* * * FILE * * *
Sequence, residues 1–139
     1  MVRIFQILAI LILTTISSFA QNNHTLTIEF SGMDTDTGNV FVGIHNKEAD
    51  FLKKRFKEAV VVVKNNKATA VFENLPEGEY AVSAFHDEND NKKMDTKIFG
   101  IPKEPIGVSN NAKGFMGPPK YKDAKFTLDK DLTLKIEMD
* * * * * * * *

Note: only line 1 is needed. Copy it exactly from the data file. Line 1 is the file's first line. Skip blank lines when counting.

Sequence, residues 1–139